2000s Archive

Under the Volcano

Originally Published December 2002
A volunteer vacation in Pompeii involves maps, measurements, and…paradise lost.

There is a strike in Italy this morning. The various unions representing the guards at Pompeii have decided that they are overworked, are aggrieved by capitalism, or just want the morning off. So Europe's premier archaeological site will not open. The aggravation will end at noon, they announce, at which time life will return to normal.

For visitors, this is dispiriting. But for one group in particular, the problem seems dire. The 15 members of the Earthwatch Institute's volunteer research team, Food and Drink in Ancient Pompeii: Team II, are up, having showered, eaten breakfast, packed lunches, tucked pencils into their shirt pockets, and donned short pants. But there's nowhere to go. They have paid almost $3,000 a person, carved out precious vacation time, and come to one of the most beautiful corners of the world in order to survey ancient buildings, take the dimensions of dining rooms, and sketch kitchen hearths. A collective sense of doom descends upon the group, as if a teacher had announced to the whiz kids in the room, "Sorry, no pop test."

"It could be worse," announces Dr. Robert L. Vann, one of the leaders. "You could be a tourist." The word drips with condescension. "Imagine if you had come all the way to Italy, and this was your only chance to see Pompeii?" Cheered by this bit of schadenfreude, the group exhales a collective sigh of relief and settles into the hostel, preparing to spend the rest of this radiant Italian morning entering data into a computer.

"Ah, life in Italy," muses one volunteer.

Ah, life on a volunteer vacation. The temptation might be to say, "This is not your mother's package tour to Italy." But the truth is, this is your mother's package tour to Italy. And your grandmother's. And your little sister's. Over the past quarter century, a new type of leisure activity has sprung up in which hardworking, well-meaning, eager-to-please Americans-and their counterparts around the world-spend their meager vacation time, and their own money, to volunteer for missions in every hostel, pup tent, and grass hut on the planet. It's the Peace Corps meets Club Med.

This particular mission is sponsored by Massachusetts-based Earthwatch Institute, one of the gray-haired pioneers of the volunteer movement (our Birkenstocks are older than yours!), which began work in 1971 and this year boasts that it will support "138 expeditions in 48 countries on 6 continents," encompassing some 4,000 volunteers. The 15 volunteers on this program are remarkably diverse—a retired teacher, an M.B.A. student, a secretary from Utah—and very well meaning. Going on one of these trips is a bit like going on vacation with a bunch of Al Gores; terms like biocultural diversity and systemic climate flow freely. Inevitably, though, a high-school-band mentality sets in: I almost had to flee the first night at dinner—risotto with mushrooms and pizza Margherita—when the volunteers held a competition to see who could suspend a spoon from his nose the longest.

But in time what emerges is a sort of blood-drive spirit of giving something back, and the earnest sensitivity becomes admirable, even endearing. These are not shop-till-you-droppers; these are people who care. "I feel like doing something worthwhile," says David Monsees, a divorced 59-year-old sociologist with the National Institutes of Health who had brought his college-age son and daughter. "If I had followed my heart instead of worrying about starving, I would have become an archaeologist. Now, all these years later, I get a chance." This is his fourth Earthwatch excursion, and he plans to pursue a master's degree in archaeology when he retires.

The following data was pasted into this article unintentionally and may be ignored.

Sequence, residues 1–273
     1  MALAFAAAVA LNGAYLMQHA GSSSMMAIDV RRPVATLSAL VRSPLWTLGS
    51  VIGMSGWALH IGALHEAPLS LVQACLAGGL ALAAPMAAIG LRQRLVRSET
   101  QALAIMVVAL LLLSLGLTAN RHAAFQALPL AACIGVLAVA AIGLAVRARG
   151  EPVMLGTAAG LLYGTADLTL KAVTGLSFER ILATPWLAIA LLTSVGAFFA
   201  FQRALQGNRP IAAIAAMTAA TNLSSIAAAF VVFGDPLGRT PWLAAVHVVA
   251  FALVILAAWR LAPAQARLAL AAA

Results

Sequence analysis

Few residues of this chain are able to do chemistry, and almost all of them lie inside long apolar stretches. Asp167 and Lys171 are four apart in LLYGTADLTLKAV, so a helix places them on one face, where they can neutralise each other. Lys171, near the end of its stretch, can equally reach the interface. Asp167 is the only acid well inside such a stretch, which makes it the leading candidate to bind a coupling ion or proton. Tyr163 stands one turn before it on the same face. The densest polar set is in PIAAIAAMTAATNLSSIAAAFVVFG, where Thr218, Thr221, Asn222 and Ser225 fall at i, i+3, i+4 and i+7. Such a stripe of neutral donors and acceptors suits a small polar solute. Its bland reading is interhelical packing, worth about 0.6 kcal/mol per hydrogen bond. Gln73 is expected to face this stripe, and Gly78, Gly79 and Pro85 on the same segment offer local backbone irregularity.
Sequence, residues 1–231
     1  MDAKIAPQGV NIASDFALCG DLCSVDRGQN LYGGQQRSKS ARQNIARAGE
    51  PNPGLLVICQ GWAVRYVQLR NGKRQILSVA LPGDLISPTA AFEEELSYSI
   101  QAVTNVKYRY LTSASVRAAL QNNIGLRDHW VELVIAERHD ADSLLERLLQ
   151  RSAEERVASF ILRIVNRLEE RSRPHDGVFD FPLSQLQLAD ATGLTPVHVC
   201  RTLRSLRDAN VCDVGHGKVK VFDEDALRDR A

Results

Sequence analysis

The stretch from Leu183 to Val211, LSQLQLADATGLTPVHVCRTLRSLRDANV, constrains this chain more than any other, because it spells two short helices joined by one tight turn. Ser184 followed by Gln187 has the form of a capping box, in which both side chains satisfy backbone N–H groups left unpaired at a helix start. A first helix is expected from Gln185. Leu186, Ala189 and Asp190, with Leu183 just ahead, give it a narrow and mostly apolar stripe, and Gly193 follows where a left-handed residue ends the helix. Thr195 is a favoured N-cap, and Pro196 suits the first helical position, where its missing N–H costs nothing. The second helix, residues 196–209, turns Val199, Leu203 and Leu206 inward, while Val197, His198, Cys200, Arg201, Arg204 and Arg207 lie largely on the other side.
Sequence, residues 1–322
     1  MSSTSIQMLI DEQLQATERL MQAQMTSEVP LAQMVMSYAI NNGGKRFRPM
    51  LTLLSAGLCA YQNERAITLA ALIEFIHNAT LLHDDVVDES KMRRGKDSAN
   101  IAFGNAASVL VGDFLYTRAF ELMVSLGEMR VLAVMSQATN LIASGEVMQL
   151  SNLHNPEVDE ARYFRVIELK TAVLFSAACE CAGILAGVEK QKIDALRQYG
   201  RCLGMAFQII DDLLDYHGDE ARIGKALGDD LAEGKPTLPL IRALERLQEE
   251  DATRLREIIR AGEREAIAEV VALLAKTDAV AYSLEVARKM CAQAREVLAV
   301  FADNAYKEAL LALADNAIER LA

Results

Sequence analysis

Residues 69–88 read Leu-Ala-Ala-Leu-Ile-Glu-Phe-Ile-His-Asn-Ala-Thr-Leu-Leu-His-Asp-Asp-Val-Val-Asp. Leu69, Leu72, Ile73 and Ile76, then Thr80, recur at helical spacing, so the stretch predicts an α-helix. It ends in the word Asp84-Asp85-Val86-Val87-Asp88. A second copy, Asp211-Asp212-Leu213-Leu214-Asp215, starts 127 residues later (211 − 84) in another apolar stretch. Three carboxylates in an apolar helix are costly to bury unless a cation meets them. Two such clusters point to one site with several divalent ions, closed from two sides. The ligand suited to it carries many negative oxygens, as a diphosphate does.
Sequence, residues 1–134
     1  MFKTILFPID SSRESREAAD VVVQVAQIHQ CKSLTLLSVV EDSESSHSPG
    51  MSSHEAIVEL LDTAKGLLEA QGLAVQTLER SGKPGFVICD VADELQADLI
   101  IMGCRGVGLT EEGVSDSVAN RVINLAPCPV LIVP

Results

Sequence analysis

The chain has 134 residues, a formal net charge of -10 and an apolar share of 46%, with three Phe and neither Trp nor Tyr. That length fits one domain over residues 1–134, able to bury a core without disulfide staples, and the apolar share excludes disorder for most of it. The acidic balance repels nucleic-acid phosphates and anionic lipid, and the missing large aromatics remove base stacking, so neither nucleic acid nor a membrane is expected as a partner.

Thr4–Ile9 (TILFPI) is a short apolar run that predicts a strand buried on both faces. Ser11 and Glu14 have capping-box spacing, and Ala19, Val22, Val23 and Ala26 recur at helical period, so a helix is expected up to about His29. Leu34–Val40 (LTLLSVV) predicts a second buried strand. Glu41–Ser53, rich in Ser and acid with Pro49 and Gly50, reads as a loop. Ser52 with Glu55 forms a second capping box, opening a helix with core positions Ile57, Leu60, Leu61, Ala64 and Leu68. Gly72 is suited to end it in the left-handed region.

In this program, at least, a volunteer vacation is much more volunteer than vacation. Monsees and his children work very hard. Team II is divided into four groups, whose job is to locate, map, photograph, and draw architectural details of the ancient city. It's all part of a six-year study to understand the daily eating and drinking rituals that were a part of everyday life in Pompeii at the time of its destruction.

The city of Pompeii is in the heart of Campania's fertile Sarno plain, bordering the Gulf of Naples, halfway between the grandeur of Naples and the honeymoon paradise of the Amalfi Coast. Once a Greek and Etruscan settlement, Pompeii was conquered by Rome in 89 B.C. A decade later, it was a thriving port with 15,000 residents. Grand villas with prancing fauns and elaborate gardens shared walls with cramped houses. An enormous stone amphitheater held bloody gladiatorial contests; baths offered cold, tepid, and hot water; mansions boasted licentious images of naked men and women in Kama Sutra-like poses. Pompeii could have been Babylon in its Dionysian excess.

Until…On August 24, A.D. 79, the nearby volcano Vesuvius, which had been erupting off and on for 16,000 years, spewed a deadly plume of smoke, ash, and lava. But it was the monstrous pelting of gray ash chunks, known as pumice lapilli, raining down on Pompeii and the smaller town of Herculaneum, that entombed them both.

Pliny the younger describes the plume of debris as having the shape of an umbrella pine tree, rising up like a trunk, then branching out. "Ashes were already falling, not as yet very thickly. I looked round: A dense black cloud was coming up behind us, spreading over the earth like a flood." Grasping his mother's hand, he writes, "We had scarcely sat down to rest when darkness fell; not the dark of a moonless or cloudy night, but as if the lamp had been put out in a closed room. You could hear the shrieks of women, the wailing of infants, the shouting of men; some were calling their parents, others their children or their wives…there were some who prayed for death in their terror of dying."

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